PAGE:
Discrimination and Harassment
Discrimination and harassment claims often increase in a down economy. Learn the proper techniques for conducing proper workplace harassment investigations, providing sexual harassment training, and more to reduce claims of employment discrimination and preventing sexual harassment in the workplace.
As employers continue to try doing more with less, employees sometimes find themselves handling additional duties and responsibilities. That can cause real problems if it results in female employees doing extra work, and they wind up being paid less than male co-workers.
Two corporations that own a Kentucky Fried Chicken franchise in Rocky Mount face an EEOC lawsuit after they fired a long-term employee for dress code violations.
Ordinarily, it takes a discharge, demotion or other serious decision to support a discrimination lawsuit. Being fired, demoted or not promoted are so-called adverse employment actions. But even a series of minor employment actions can amount to an adverse action under the right circumstances.
It’s become a little bit harder for women alleging pregnancy discrimination under the California Fair Employment and Housing Act (FEHA) to win discharge lawsuits. To prevail, a new mother has to prove that pregnancy discrimination was a “substantial motivating factor” in her discharge.
Pittsburgh’s Guardian Angel Ambulance Service faces an EEOC lawsuit alleging it breached a previous settlement agreement with a now-deceased former employee.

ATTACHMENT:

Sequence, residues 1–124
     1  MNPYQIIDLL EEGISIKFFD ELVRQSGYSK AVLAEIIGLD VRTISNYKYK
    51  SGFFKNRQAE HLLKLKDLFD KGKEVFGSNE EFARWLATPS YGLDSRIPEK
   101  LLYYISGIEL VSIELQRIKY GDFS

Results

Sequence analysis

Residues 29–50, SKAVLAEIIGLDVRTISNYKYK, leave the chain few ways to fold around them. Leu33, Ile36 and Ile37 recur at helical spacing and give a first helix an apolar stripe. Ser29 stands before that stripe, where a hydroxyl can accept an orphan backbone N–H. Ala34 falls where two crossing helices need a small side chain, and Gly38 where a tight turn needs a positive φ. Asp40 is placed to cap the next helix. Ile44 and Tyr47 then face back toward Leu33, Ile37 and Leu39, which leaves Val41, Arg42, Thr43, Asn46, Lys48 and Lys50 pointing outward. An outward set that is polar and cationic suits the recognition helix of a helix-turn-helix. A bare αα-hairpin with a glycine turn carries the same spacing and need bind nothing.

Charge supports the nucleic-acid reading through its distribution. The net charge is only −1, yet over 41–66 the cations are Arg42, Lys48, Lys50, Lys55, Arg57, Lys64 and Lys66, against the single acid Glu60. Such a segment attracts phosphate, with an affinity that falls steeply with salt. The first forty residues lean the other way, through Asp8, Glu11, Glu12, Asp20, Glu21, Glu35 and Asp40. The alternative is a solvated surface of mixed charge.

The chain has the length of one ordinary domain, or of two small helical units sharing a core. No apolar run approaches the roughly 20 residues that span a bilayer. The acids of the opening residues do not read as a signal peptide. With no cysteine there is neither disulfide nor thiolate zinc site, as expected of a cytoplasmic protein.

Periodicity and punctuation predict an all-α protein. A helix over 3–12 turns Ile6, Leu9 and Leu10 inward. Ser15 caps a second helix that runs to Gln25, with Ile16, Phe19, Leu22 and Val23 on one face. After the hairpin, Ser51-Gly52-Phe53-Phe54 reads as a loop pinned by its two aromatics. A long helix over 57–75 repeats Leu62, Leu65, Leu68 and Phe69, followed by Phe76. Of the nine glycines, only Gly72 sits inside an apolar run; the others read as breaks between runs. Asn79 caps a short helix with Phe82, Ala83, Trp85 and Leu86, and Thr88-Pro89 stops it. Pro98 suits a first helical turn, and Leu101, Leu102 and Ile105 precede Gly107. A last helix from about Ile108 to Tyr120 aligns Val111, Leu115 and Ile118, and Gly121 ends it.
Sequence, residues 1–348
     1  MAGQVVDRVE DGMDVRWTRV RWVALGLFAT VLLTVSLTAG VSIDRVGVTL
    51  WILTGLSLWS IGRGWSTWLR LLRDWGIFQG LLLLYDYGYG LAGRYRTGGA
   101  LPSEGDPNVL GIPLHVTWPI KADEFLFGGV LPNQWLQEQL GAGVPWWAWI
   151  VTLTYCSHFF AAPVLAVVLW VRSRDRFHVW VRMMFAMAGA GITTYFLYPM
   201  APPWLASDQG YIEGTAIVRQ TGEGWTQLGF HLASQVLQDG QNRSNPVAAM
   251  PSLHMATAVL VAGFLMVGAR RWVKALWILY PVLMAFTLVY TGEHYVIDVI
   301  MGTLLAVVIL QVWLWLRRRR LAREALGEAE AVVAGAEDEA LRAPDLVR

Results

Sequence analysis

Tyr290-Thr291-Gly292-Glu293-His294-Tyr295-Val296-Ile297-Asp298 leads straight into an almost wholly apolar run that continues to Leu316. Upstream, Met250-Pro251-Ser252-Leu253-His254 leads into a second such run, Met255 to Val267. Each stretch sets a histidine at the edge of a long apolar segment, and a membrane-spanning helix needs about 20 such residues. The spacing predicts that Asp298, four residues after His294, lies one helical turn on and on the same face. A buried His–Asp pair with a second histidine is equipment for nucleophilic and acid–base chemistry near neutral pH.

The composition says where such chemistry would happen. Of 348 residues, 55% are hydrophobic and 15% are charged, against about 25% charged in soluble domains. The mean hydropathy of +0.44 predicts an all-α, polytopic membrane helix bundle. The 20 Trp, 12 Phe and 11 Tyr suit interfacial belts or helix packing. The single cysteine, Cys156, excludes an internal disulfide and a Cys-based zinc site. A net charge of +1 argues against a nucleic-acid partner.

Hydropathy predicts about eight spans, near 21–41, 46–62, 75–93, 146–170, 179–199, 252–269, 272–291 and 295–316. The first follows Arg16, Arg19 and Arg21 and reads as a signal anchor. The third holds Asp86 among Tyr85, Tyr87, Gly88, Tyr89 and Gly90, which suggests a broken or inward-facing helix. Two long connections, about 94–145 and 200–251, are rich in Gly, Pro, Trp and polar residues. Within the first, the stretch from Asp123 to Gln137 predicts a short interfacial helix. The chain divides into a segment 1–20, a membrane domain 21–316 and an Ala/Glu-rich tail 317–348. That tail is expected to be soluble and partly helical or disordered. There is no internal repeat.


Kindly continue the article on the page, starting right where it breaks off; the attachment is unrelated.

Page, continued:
After an employee files an internal complaint, HR should review every reassignment or other significant job change. Even one negative move can support a retaliation lawsuit.
When men and women work together, romantic relationships are bound to occur. Even rules that prohibit such relationships—at least between supervisors and subordinates—won’t stop that from happening. But an isolated affair isn’t a legal kiss of death.
Courts don’t expect workplaces to be places of complete harmony—but they do expect employers to take complaints seriously. They want to see that bosses are disciplined when they make offensive comments.
Absent limited circumstances, a private employer using prison labor probably isn’t required to provide reasonable accommodations under the ADA.
Employees who sue for bias must show that they suffered some harm from the discrimination they allege.